Students are entitled to receive a repayment schedule prior to the payment due date. Upon completion of loan repayment, students will receive a letter of acknowledgment from the U.S. Department of Education.
When it comes time to start repaying your student loan(s), you can select a repayment plan that is right for your financial situation. Generally, you will have from 10 to 25 years to repay your loan, depending on which repayment plan you choose. View, Repayment Plans, for a list of repayment options.
Forbearance and Deferment Options
If you are temporarily unable to meet your repayment obligation, you may be granted a forbearance, which lets you postpone or reduce your payments for an agreed upon period of time. You will still be responsible for any interest that accrues during the forbearance period, but you may be able to pay it later. A deferment is a temporary suspension of loan payments for specific situations such as re-enrollment in school, unemployment, or economic hardship. In most cases, you need to submit a deferment request to the Direct Loan Servicing Center. A deferment can take 30 days or more to process, so file as soon as possible. You must keep making your payments until you receive notice that your deferment has been approved. For more information on forbearance and deferment, visit www.studentloans.gov.
Direct Loan Repayment Incentives/Rebates
The Budget Control Act of 2011 eliminates the authority of the Department of Education to offer any repayment incentives to Direct Loan borrowers to encourage on-time repayment of loans, including any reduction in the interest rate or origination fee. As a result, the up-front interest rebate that was provided to DL borrowers at the time of loan disbursement will not be offered on any Direct Loan with a first disbursement date that is on or after July 1, 2012. The only authorized interest rate reductions are for those borrowers who agree to have their payments automatically electronically debited.
If you don't repay your loan. . .
Delinquencies, or a monthly payment more than 30 days late, are reported to credit bureaus. This can hurt your chances for obtaining loans in the future, for cars, a home, etc. Also you may lose eligibility for further financial aid, deferments and forbearances until the delinquency is cleared up. Default occurs when there is no payment made for 270 days. In the event you go into default on your loan, be aware of the following penalties:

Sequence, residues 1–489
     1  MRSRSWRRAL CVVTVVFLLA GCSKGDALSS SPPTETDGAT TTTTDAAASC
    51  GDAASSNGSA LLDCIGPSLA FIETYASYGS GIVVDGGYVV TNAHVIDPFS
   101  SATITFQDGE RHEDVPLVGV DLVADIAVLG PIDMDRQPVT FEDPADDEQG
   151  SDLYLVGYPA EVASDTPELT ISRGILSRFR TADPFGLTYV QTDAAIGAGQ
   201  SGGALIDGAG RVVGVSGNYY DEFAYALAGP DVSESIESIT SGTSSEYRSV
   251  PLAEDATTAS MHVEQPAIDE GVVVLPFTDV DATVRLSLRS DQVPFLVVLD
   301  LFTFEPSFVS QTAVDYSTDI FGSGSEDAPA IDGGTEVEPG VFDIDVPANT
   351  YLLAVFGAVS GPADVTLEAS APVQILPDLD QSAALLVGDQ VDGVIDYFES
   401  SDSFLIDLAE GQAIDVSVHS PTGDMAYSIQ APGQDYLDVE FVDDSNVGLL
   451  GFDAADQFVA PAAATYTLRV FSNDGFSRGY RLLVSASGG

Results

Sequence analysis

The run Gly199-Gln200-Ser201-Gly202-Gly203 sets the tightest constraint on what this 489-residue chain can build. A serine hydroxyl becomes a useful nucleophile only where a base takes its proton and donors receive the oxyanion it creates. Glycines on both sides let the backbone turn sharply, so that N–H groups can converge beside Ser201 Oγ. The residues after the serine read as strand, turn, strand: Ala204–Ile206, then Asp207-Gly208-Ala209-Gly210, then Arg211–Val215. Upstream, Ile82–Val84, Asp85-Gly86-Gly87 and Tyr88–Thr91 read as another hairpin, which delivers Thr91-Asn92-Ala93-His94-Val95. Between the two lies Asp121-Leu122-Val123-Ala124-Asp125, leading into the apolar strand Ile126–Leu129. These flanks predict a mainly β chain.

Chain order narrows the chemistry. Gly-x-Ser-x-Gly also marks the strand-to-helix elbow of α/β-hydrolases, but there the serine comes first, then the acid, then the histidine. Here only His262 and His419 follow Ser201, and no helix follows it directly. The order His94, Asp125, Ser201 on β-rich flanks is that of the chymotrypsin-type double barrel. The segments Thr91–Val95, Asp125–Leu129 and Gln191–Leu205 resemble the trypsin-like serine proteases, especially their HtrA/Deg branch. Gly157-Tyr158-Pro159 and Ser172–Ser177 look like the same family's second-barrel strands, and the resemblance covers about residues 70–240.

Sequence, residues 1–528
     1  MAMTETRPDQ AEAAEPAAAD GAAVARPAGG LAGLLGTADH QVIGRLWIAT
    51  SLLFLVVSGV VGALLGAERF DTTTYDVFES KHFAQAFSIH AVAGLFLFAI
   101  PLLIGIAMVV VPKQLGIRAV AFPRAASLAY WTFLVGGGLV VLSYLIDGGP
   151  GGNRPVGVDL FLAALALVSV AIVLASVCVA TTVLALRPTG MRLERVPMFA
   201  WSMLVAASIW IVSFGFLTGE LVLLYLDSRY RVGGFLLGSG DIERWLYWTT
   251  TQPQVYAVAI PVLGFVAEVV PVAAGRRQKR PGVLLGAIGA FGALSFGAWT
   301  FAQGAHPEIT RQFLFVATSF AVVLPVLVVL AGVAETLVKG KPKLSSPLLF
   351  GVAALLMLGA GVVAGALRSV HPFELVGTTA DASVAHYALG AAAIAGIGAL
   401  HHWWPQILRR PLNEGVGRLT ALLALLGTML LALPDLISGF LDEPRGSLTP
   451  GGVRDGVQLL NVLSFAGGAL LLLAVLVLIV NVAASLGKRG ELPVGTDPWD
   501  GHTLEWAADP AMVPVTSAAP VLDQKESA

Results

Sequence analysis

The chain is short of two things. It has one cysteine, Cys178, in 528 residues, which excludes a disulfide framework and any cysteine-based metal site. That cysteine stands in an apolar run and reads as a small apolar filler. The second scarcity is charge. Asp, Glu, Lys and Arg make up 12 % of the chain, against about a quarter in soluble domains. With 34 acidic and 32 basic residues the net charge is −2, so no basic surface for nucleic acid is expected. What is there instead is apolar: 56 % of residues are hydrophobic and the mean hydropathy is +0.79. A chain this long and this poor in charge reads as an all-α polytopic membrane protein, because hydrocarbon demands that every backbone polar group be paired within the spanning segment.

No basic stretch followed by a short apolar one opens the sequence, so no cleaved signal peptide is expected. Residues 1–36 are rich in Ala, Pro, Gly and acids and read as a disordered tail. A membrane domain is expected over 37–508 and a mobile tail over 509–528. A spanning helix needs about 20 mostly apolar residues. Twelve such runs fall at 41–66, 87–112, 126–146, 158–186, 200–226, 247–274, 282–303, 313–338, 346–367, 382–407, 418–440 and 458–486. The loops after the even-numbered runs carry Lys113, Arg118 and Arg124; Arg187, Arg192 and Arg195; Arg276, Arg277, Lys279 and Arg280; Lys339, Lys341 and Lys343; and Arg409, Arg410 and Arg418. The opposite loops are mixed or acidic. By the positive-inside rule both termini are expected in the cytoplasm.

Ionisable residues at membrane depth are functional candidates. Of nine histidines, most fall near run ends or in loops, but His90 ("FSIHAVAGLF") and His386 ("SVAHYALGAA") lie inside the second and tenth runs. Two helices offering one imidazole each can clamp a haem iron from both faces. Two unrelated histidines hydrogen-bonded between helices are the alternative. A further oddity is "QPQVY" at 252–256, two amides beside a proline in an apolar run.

- A bad credit report
- Assignment of loan to a collection agency
- Full balance of loan is due (no more monthly payment privileges)
- Loss of eligibility for future financial aid (this includes grants)
- Withholding of state and federal income tax refunds and California lottery winnings
- Late fees and collection costs may be applied toward the amount you owe
- Your wages may be garnished (a portion withheld for repayment)
Tips to make your repayment easier
- Get organized. Make a single student loan file for all your loan documents, information and payment records. You may want to keep this Tip Sheet in your file as a reference.
- Read your mail. Important notices about your loan, will come by mail. Open and read these notices immediately, and respond or file them, as appropriate.
- Notify the U.S. Department of Education and your loan servicer(s) if you change your name or address. You should also contact your loan servicer(s) if you decide to return to school at least half time.
- Know who services your loan. The Department of Education contracts with servicing agents to collect payments and otherwise administer student loans. It is up to you to keep track of your servicing agent(s).
- Contact your loan servicer(s) if you are having problems making your payment on time to inquire about payment options.
- Write your loan account number on all loan-related correspondence and checks. Keep copies of all correspondence.
- Expect a letter of acknowledgment from the U.S. Department of Education upon making the final payment on your loan(s).
- Take notes of your phone conversations with the loan holder or servicer, i.e., whom you spoke with, what was discussed, etc. Keep this information in your loan file.
4 ideas for a better student loan program: A common sense recipe for reform